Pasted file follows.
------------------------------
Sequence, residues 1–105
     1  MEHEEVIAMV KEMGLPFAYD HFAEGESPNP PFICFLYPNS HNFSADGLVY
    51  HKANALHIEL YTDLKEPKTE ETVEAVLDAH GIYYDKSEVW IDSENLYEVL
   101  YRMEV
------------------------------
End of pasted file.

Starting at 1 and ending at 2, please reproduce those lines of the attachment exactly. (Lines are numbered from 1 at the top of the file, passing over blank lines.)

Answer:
Sequence, residues 1–105
     1  MEHEEVIAMV KEMGLPFAYD HFAEGESPNP PFICFLYPNS HNFSADGLVY